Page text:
Parms Pointers

Associated with each task is a register that contains the physical address where the first of the task's configuration parameters is stored in a contiguous chunk of memory.

Parms Memory

Each task's configuration parameters—or Module Parameter List (MPL),—are stored in a contiguous chunk of memory referenced by the task's Parms Pointer. The numbers of parameters and their purposes will vary from one task to another. As tasks are designed, their specific requirements for configuration parameters will be determined and documented.

Typically, these requirements will include;

Module—Pointer to the module used to implement this task. For reconfigurable hardware modules, this may be a number that corresponds to a specific module. For the PDU, this is the instruction memory address where the module begins.

[Need Elaboration on the Following 3 Paragraphs/Sections]

For each of up to four buffers from which the task will consume (read) data:

Memory Physical Address

Buffer Size

Input Port Number

Producer Task Number

Producer Output Port Number

Producer Node Number (if remote)

Producer (Local/Remote); boolean

Bwdackval

For each of up to four buffers into which the task will produce (write) data:

Memory Physical Address (if local)

Buffer Size (if local)

Output Port Number

Consumer Task Number

Consumer Input Port Number

Consumer Node Number (if remote)

Consumer (Local/Remote); boolean

Fwdackval

For each presettable counter (for example: number of iterations count: watchdog count)

(Counter Modulus-1)

Node Control Register (NCR)

The layout for the Node Control Register is shown in FIG. 8.

ENB—Bit 15—When the NCR Enable bit is clear, the node ceases all operation, except that it continues to support PEEK and POKE operations. The NCR Enable bit must be set to 1 to enable any other node functions.

ABT—Bit 14—Writing (POKING) the NCR with Bit 14 set to 1 generates an Abort signal to the execution unit, causing it to halt immediately, The state of the aborted task transitions to IDLE; and if its GO bit has been cleared (as it should be prior to issuing the Abort), the state will transition to SUSPEND. This is the K-node's sledge hammer to terminate a runaway task. Writing the NCR with Bit 14=0 is no operation. When reading (PEEKING) NCR, zero will be returned for Bit 14.

RSV—Bit 13—At this time, Bit 13 is unused. When writing the NCR, Bit 13 is don't care, and when reading NCR, zero will be returned for Bit 13.

WPE—Bit 12—Writing the NCR with Bit 12 set to 1 results in the writing of the [9:5] value into Queue Write Pointer (with ENB=0, a diagnostics WRITE/READ/CHECK capability). Writing the NCR with Bit 12=0 is no operation. When reading NCR, zero will be returned for Bit 12.

RPE—Bit 11—Writing the NCR with Bit 11 set to 1 results in the writing of the NCR[4:0] value into Queue Read Pointer (with ENB=0, a diagnostics WRITE/READ/CHECK capability). Writing the NCR with Bit 11=0 is no operation. When reading NCR, zero will be returned for Bit 11.

Queue Initialization

Writing the NCR with Bits 12 and 11 set to 1 and with Bits [9:5] and Bits [4:0] set to zeros initializes the queue, setting the Write Pointer to zero, the Read Pointer to zero, and the Queue Empty Status Flag to 1.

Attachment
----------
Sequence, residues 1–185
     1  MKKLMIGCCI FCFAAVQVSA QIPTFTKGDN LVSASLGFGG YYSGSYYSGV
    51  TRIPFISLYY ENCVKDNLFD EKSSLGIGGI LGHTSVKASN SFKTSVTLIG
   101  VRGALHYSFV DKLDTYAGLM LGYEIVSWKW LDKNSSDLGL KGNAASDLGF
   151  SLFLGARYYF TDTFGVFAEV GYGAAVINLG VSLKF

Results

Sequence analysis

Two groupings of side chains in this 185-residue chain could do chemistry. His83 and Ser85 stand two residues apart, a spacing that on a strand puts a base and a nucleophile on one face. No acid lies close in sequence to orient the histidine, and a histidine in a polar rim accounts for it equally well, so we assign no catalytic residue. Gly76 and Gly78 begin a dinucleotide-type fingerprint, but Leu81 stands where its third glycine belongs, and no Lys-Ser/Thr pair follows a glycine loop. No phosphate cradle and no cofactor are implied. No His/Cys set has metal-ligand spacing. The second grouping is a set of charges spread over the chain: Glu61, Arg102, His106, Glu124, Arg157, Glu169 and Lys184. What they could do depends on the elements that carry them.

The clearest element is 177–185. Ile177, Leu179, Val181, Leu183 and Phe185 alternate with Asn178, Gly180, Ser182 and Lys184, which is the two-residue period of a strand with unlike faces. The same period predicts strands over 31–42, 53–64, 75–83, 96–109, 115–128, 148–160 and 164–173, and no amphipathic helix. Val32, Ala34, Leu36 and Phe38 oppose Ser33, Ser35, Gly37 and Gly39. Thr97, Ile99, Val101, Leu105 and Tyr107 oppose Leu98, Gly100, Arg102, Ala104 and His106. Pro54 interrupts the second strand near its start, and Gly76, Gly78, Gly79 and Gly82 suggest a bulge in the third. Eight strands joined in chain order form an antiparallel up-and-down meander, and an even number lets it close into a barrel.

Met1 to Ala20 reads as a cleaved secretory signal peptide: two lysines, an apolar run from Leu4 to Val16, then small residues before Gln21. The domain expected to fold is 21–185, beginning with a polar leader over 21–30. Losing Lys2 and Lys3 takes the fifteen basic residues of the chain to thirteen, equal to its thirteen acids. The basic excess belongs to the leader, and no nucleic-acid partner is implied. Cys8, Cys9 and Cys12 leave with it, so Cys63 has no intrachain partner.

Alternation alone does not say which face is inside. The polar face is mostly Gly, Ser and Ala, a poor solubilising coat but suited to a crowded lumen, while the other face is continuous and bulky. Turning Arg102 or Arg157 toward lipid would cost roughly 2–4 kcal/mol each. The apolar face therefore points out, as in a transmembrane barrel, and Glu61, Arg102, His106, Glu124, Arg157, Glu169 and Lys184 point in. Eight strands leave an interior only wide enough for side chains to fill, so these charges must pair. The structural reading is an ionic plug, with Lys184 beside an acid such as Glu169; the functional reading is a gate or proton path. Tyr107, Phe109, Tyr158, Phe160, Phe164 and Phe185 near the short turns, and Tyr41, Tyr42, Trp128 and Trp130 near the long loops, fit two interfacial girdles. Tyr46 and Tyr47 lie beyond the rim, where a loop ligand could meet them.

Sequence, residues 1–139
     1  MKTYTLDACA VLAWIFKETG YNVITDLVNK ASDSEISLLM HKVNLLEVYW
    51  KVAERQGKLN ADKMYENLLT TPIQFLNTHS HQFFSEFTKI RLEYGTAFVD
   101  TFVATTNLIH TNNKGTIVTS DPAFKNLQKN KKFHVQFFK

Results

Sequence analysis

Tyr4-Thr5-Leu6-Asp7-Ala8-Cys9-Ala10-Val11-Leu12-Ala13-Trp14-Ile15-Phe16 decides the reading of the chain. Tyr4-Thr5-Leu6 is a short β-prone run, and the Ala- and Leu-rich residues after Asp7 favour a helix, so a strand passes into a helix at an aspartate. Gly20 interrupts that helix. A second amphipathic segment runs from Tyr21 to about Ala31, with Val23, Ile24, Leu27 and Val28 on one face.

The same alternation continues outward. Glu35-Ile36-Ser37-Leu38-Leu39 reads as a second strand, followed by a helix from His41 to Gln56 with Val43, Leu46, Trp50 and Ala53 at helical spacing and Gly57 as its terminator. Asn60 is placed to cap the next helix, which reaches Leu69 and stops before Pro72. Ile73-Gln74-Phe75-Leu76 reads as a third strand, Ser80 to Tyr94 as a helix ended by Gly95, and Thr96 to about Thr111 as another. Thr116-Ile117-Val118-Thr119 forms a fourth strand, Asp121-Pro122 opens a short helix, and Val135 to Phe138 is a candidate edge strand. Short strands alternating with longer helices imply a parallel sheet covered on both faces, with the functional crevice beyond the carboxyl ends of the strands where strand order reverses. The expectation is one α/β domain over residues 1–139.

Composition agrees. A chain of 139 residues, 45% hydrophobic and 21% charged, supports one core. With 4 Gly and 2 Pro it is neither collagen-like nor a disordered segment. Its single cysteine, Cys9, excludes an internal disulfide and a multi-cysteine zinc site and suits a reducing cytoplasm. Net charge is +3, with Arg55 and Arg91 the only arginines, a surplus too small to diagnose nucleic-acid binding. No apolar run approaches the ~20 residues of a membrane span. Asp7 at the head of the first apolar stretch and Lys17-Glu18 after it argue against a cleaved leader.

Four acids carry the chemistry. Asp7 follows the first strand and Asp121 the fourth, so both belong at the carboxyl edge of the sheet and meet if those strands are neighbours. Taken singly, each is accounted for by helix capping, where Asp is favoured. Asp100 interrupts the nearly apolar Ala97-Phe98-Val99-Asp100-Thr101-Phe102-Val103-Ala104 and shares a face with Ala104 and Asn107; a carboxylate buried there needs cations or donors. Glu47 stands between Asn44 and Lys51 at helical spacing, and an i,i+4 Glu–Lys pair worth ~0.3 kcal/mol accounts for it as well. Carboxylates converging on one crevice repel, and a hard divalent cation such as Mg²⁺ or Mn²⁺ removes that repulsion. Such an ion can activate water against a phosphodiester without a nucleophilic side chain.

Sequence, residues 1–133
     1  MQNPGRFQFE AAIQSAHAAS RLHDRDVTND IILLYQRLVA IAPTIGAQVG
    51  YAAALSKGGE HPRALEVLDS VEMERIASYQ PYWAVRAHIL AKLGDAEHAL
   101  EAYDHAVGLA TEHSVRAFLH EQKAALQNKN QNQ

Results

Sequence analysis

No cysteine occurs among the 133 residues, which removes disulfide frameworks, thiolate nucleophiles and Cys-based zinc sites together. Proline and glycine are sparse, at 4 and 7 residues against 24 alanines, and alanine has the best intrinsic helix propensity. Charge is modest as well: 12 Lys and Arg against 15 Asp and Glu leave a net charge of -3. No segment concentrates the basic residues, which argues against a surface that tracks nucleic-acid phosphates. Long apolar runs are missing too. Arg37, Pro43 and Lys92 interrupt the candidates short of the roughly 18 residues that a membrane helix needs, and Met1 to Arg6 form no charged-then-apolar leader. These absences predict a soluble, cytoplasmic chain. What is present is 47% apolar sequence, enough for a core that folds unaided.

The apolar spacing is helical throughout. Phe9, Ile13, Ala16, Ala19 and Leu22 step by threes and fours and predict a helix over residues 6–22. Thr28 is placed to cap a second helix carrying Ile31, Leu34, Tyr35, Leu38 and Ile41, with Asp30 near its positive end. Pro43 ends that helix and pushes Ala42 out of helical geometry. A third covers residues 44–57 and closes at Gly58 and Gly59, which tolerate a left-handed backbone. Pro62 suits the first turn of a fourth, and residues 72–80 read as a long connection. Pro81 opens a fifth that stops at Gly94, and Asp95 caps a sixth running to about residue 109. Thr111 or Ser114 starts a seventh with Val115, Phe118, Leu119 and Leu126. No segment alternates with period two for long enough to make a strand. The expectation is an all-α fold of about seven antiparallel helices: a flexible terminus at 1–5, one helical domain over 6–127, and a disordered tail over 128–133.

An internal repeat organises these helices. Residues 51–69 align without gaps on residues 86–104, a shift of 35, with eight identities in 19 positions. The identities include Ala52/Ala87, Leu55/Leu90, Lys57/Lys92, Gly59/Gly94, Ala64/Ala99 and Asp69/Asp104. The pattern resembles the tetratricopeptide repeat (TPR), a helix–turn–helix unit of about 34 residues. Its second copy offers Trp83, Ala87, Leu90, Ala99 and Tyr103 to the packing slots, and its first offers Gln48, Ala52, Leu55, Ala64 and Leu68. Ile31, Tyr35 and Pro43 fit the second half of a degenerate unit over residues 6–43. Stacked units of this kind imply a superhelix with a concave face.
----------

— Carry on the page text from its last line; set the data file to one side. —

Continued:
Queue Empty Status Flag—Bit 10—READ ONLY Bit 10, the Queue Empty Status Flag, is set to 1 when the Ready-to-Run FIFO is empty; it is set to 0 when it is not empty. When Bit 10 is set to 1, the Write Pointer (NCR [9:5]) and Read Pointer (NCR [4:0]) values will be the same. When the pointer values are the same, and Bit 10=0, the FIFO is FULL. When writing NCR, Bit 10 is don't care.

Queue Write Pointer—Bits [9:5]—For diagnostics WRITE/READ/CHECK capability (and for queue initialization), writing NCR with Bit 12=1 results in the writing of the NCR[9:5] value into Queue Write Pointer. When writing NCR with Bit 12=0, Bits [9:5] are don't care. When reading NCR, Bits [9:5] indicate the current Queue Write Pointer value.

Queue Read Pointer—Bits [4:0]—For diagnostics WRITE/READ/CHECK capability (and for queue initialization), writing NCR with Bit 11=1 results in the writing of the NCR[4:0] value into Queue Read Pointer. When writing NCR with Bit 11=0, Bits [4:0] are don't care. When reading NCR, Bits [4:0] indicate the current Queue Read Pointer value.

Node Status Register (NSR)

The layout for the Node Status Register is shown in FIG. 9. The Node Status Register is a READ ONLY register. READING NSR clears Bits 14 and 13. WRITING NSR is no operation.

ENB—Bit 15—Bit 15, Enable, simply indicates the state of NCR [15]:Enable.

ABT—Bit 14—When an Abort command is issued (WRITE NCR, Bit 14=1), the executing task is suspended, after which the Abort Status Bit 14 is set to 1. Reading NSR clears Bit 14.

TCS—Bit 13—The Task Change Status Bit 13 is set to 1 when an execution unit REMOVEs a TASK # from the Ready-to-Run Queue. Reading NSR clears Bit 13. The K-node can perform a “watch dog” operation by reading NSR, which clears Bit 13, and reading NSR again after a time interval. After the second read, if Bit 13 is set to 1, another REMOVE (initiating execution of the next task) has occurred during the time interval. If Bit 13=0, another REMOVE has not occurred during the time interval.

NRS—Bit 12—This bit is set to 1 when the node is executing a task. When the bit=0, the node is not executing a task.